School Library Journal
Once again, Horrid Henry lives up to his name. Each of these easy chapter books contains four episodes of the boy's escapades. Selfish and greedy, he battles with his teachers, cheats in a reading contest, and ruins a cousin's wedding. In one of the funniest segments, he is pitted against his family's houseguest, Mean Margaret, whose behavior is even more atrocious than his own. The irreverent humor is similar to that found in Roald Dahl's books or Jack Gantos's "Rotten Ralph" series. Ross's cartoon drawings are a perfect match for the protagonist's mischievous personality. There is not much character growth here; Henry remains unrepentantly horrid, and the other child characters (Perfect Peter, Clever Clare, Rude Ralph, etc.) are all one-sided. Though adults may wish for Henry to get reprimanded more sternly, kids will love reading the laugh-out-loud funny stories about someone whose behavior is even worse than their own.-Jackie Partch, Multnomah County Library, Portland, OR
Read an Excerpt
Excerpted from Horrid Henry's Stinkbomb
Story 1: Horrid Henry Reads a Book
Blah blah blah blah blah.
Miss Battle-Axe droned on and on and on. Horrid Henry drew pictures of crocodiles munching on a juicy Battle-Axe snack in his math book.
Snap! Off went her head.
Yank! Bye-bye leg.
Crunch! Ta-ta teeth.
Yum yum. Henry's crocodile had a big fat smile on its face.
Blah blah blah books blah blah blah read blah blah blah prize blah blah
Horrid Henry stopped doodling.
"What prize?" he shrieked.
"Don't shout out, Henry," said Miss Battle-Axe.
Horrid Henry waved his hand and shouted: "What prize?"
"Well, Henry, if you'd been paying attention instead of scribbling, you'd know, wouldn't you?" said Miss Battle-Axe.
Horrid Henry scowled. Typical teacher. You're interested enough in what they're saying to ask a question, and suddenly they don't want to answer.
"So, class, as I was saying before I was so rudely interrupted," she glared at Horrid Henry. "You'll have two weeks to read as many books as you can for our school reading competition. Whoever reads the most books will win an exciting prize. A very exciting prize. But remember, a book report on every book on your list, please."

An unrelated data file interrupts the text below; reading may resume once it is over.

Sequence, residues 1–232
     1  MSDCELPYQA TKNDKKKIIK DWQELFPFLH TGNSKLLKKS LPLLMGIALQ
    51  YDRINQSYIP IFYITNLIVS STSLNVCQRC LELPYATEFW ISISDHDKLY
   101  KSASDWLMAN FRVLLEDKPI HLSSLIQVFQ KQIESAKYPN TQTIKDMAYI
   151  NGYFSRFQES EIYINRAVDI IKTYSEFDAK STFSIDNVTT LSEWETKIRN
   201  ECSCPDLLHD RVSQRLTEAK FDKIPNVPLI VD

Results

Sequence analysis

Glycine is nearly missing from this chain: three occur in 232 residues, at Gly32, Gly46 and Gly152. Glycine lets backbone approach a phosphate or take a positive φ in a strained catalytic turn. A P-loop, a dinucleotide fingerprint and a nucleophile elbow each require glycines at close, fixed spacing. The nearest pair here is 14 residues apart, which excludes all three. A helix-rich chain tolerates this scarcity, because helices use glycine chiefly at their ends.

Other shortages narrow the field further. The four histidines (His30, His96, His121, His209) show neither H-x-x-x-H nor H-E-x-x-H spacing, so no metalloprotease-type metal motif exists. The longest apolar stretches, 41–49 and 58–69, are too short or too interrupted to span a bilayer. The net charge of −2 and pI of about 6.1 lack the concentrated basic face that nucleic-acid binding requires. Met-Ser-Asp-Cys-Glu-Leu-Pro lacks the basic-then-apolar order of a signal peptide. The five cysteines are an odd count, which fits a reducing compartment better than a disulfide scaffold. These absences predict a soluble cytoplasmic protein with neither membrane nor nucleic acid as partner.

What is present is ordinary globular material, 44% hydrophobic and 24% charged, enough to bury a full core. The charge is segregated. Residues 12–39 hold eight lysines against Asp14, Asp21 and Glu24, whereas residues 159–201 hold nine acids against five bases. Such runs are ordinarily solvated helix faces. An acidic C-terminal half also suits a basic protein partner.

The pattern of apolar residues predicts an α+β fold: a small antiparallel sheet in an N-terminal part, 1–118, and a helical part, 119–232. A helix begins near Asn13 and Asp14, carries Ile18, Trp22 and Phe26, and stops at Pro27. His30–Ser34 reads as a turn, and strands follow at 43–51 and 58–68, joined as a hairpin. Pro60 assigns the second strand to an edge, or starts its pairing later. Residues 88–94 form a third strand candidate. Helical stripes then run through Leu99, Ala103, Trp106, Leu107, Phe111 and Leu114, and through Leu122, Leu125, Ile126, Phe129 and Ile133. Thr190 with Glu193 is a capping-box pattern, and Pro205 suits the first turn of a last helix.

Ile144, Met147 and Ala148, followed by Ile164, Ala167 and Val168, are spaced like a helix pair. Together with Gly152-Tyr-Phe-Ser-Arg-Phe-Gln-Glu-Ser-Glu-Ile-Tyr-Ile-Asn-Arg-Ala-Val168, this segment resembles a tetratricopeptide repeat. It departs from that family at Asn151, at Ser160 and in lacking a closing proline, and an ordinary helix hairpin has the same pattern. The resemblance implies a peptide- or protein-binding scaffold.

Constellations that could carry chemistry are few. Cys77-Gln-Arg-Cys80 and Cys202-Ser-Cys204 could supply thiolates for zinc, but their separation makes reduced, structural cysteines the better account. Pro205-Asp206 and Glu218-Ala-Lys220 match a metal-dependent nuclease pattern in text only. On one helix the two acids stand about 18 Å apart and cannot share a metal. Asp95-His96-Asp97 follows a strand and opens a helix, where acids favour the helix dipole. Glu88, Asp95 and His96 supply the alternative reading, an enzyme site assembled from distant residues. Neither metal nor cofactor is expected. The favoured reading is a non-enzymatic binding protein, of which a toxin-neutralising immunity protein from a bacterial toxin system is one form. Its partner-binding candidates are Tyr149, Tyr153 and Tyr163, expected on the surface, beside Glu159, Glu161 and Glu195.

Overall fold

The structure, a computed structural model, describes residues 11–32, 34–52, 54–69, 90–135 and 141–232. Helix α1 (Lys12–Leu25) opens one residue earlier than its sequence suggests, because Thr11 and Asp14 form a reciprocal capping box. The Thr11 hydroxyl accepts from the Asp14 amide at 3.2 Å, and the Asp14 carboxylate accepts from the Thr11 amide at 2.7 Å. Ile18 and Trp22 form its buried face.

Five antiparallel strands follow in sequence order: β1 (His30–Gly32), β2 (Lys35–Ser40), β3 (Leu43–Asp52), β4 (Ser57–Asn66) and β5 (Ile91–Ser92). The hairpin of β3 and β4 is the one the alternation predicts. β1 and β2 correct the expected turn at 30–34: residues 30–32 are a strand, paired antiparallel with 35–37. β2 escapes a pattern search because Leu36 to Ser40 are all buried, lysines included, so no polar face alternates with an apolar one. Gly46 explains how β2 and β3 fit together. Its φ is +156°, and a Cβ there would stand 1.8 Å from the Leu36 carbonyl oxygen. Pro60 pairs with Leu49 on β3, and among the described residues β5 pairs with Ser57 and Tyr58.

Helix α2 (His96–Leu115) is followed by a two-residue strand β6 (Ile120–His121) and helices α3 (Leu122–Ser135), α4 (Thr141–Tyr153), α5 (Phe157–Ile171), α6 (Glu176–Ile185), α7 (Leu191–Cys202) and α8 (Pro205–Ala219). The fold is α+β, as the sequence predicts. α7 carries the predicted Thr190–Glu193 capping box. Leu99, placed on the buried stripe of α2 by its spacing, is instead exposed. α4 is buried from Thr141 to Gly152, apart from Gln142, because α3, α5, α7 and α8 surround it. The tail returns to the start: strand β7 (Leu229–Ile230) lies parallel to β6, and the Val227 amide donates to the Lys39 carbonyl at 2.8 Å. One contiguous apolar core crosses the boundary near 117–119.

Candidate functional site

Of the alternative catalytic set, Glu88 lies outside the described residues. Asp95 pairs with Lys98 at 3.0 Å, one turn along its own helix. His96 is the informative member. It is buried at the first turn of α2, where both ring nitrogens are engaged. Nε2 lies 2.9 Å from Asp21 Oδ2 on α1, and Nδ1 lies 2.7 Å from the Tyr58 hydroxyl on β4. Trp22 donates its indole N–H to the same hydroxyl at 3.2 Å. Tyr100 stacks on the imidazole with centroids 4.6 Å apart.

Oh. A reading competition. Horrid Henry slumped in his chair. Phooey.
Reading was hard, heavy work. Just turning the pages made Henry feel exhausted. Why couldn't they ever do fun competitions, like whose tummy could rumble the loudest, or who shouted out the most in class, or who knew the rudest words? Horrid Henry would win those competitions every time.
But no. Miss Battle-Axe would never have a fun competition. Well, no way was he taking part in a reading contest. Henry would just have to watch someone undeserving like Clever Clare or Brainy Brian swagger off with the prize while he sat prize-less at the back. It was so unfair!
"What's the prize?" shouted Moody Margaret.
Probably something awful like a pencil case, thought Horrid Henry. Or a bumper pack of school dish rags.
"Candy!" shouted Greedy Graham.
"A million bucks!" shouted Rude Ralph.
"Clothes!" shouted Gorgeous Gurinder.
"A skateboard!" shouted Aerobic Al.
"A hamster!" said Anxious Andrew.
"Silence!" bellowed Miss Battle-Axe.
"The prize is a family ticket to a brand new theme park."
Horrid Henry sat up. A theme park! Oh wow! He loved theme parks! Roller coasters! Water rides! Cotton candy!
His mean, horrible parents never took him to theme parks. They dragged him to museums. They hauled him on hikes. But if he won the competition, they'd have to take him. He had to win that prize. He had to. But how could he win a reading competition without reading any books?
"Do comics count?" shouted Rude Ralph.
Horrid Henry's heart leapt.
He was king of the comic book readers. He'd easily win a comic book competition.
Miss Battle-Axe glared at Ralph with her beady eyes.
"Of course not!" she said. "Clare! How many books do you think you can read?"
"Fifteen," said Clever Clare.
"Eighteen," said Brainy Brian.
"Nineteen," said Clare.
"Twenty," said Brian.
Horrid Henry smiled. Wouldn't they get a shock when he won the prize? He'd start reading the second he got home.